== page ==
In general, the coercivity of a ferromagnet scales with its intrinsic magnetic anisotropy field, HA. However, the typical coercivity of commercial polycrystalline Nd-Fe-B sintered magnets is only about 0.2 HA. This is due to the thermal demagnetization effect.
The coercivity of a magnetic substance can be improved by decreasing its grain size, which decreases the intrinsic anisotropy field. In addition, the microstructure of ferromagnetic grains can have a significant impact on its coercivity. In particular, the shape of the grains, their equiaxed nature, and their uniform separation by non-ferromagnetic intergranular phases are all important factors.
A crystalline magnet has a higher coercivity than an amorphous one, because the atomic arrangement of its particles is more regular. The coercivity of a crystalline magnet is also influenced by the strength of exchange interactions between its particles.
The remanence of magnetic materials is the magnetism that remains in a ferromagnetic material after the removal of an external magnetic field. This value is usually expressed in teslas or gauss, depending on the international system. The remanence is measured at the intersection of the hysteresis loop and the ordinate axis.
A material with high remanence is considered to be hard. In contrast, a paramagnetic material has low remanence. This is because paramagnetic materials have a tendency to align their magnetic moments in the direction of the external magnetic field. The remanence of a ferromagnetic material can be explained by the fact that atoms of the ferromagnetic material can align themselves along one of the direction vectors of the magnetic field, resulting in a large net magnetic moment. This phenomenon is also called spontaneous magnetisation.
Generally speaking, it is easier to demagnetize hard magnetic materials than soft ones. However, the exact reason for this is not known. It is probably due to the fact that the atoms of hard magnetic materials are more tightly packed than those of soft ones. In addition, the coercive force of hard magnetic materials is typically higher than that of soft magnetic materials.
Soft ferromagnetic materials can be magnetised easily, but they lose the magnetic force quickly. This property makes them useful in applications that require quick magnetisation and demagnetisation, such as magnetic storage. The low coercive force of these materials also leads to lower losses during operation, which can make them an attractive option for transformer cores and motor windings.
Remanence is an important factor to consider when selecting a magnetic material for your application. For example, a neodymium magnet’s remanence is significantly higher than that of a ferrite magnet. Therefore, neodymium magnets are often preferred for applications that require frequent reversal of the polarity. The remanence of a magnet can be limited by inserting an air gap in the core to prevent it from becoming demagnetised.
The remanence of a neodymium magnet is around 1-1.3 Tesla (10-13kGauss). Neodymium is a rare earth metal, which means its price is significantly more expensive than that of a ferrite magnet. Nevertheless, the higher remanence of neodymium is well worth it, as it provides superior magnetic properties and performance.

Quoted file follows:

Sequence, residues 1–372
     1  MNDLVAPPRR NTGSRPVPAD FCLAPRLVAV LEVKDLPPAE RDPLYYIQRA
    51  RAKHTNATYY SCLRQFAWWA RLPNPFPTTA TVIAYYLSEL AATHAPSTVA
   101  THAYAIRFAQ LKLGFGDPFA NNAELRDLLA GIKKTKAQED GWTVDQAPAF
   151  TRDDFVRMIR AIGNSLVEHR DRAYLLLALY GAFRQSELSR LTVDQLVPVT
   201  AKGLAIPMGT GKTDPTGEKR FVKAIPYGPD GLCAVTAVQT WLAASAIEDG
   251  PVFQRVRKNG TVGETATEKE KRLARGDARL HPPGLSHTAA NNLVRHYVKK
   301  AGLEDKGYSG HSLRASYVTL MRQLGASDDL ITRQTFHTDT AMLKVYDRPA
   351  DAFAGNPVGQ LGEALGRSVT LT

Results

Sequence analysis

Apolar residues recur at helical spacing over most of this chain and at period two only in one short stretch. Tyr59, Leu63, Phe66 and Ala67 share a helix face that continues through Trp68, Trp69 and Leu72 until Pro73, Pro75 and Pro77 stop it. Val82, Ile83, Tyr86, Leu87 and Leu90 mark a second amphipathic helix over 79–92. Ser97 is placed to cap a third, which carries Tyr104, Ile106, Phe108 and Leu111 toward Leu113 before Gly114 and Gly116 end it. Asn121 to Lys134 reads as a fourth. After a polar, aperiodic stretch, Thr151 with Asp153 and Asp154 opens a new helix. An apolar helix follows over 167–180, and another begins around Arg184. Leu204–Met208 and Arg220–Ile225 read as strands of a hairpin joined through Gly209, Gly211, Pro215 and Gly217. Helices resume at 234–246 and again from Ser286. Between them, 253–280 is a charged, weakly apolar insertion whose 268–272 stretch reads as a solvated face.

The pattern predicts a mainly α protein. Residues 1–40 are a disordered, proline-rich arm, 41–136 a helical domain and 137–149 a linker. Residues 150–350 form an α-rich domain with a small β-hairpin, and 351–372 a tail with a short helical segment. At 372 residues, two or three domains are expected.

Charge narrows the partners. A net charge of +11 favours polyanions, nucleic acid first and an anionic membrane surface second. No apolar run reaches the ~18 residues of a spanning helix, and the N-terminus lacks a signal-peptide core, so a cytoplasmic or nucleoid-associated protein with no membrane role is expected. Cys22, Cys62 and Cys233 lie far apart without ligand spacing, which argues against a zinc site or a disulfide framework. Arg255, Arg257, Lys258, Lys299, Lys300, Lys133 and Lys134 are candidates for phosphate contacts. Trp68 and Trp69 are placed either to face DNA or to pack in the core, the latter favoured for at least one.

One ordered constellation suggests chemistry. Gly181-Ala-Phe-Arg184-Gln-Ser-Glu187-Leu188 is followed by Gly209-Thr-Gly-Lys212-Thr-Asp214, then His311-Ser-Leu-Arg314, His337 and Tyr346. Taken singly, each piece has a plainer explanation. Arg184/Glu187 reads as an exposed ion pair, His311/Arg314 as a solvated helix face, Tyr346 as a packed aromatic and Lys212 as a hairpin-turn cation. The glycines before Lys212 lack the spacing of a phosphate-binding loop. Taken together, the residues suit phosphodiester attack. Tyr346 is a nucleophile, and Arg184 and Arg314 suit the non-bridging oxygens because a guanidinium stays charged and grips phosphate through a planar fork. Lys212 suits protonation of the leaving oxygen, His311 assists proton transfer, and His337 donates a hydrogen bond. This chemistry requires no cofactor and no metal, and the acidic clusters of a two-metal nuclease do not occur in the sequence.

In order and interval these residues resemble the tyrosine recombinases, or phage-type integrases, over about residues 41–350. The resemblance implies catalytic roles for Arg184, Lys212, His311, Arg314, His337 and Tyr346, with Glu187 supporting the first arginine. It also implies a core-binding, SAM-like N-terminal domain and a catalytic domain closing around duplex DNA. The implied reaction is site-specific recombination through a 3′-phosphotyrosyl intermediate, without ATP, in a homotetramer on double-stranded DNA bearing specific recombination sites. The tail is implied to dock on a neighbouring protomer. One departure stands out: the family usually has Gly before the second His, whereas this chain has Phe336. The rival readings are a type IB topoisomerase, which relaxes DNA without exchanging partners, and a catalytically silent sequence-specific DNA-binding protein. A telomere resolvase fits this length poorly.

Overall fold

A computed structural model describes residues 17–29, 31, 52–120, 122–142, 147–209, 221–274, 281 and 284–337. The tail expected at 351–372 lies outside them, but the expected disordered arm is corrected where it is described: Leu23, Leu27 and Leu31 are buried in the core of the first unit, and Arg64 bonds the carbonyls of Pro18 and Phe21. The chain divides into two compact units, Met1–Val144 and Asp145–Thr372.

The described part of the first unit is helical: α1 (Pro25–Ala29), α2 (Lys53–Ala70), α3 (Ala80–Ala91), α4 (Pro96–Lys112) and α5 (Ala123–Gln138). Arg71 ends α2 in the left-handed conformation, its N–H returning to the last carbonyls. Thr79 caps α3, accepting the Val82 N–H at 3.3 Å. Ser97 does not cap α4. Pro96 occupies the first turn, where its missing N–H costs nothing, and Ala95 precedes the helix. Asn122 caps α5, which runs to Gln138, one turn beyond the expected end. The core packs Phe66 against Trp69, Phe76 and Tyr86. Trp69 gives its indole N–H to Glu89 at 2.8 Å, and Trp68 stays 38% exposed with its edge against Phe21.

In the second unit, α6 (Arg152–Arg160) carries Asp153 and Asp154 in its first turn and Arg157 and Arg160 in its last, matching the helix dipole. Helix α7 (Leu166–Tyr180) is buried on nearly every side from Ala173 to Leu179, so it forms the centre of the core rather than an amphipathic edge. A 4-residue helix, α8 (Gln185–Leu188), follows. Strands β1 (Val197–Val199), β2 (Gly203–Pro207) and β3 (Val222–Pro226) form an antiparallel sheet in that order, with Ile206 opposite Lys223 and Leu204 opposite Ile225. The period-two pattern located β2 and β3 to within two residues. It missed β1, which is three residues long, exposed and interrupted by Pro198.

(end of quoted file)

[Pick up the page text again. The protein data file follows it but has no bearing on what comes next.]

Magnetization is the property of a magnetic material that causes it to attract and repel magnetic fields. It is also the property that enables magnetic materials to store and release magnetic energy. Magnetization is determined by the magnetic moments of the individual atoms within the material. These moments can be aligned in a magnetic field to produce magnetism. It is important to understand that the magnetic moments are vectors with both direction and magnitude. The individual atomic moments cancel each other out in most materials, leading to diamagnetism. In contrast, some materials have a large number of unpaired electrons that can be aligned in one direction to produce a net magnetic field. This allows them to react much more strongly to a changing magnetic field than other materials. These are called ferromagnetic materials.
In a magnetic material, the magnetic moment is grouped into small regions of the material known as magnetic domains. The size of these domains is determined by the particle diameter. Larger domains tend to have more exchange and anisotropy energy, while smaller ones can have less.
The permeability of a magnetic material is influenced by the number of these magnetic domains and their arrangement. The permeability of a magnetic material increases with the number of domains and decreases as the particle diameter decreases. The permeability is also inversely proportional to temperature. This is known as the Curie law.
Magnetic materials are classified as either permanent or soft ferromagnetic. Permanent magnets are made from alloys of iron, aluminium, nickel and cobalt. These magnets can retain their magnetic properties indefinitely, unless they are demagnetised by an opposing magnetic field or raised above their Curie temperature. Soft ferromagnetic materials are able to be magnetised but will lose their magnetic force quickly.
A material’s magnetization can be measured by observing its hysteresis curve. This is a graph that shows the variation in B (magnetization) with h for different values of H (field strength). It should be noted that B will be higher during ‘charge up’ than during’relaxation’, due to energy losses in the internal friction of the material.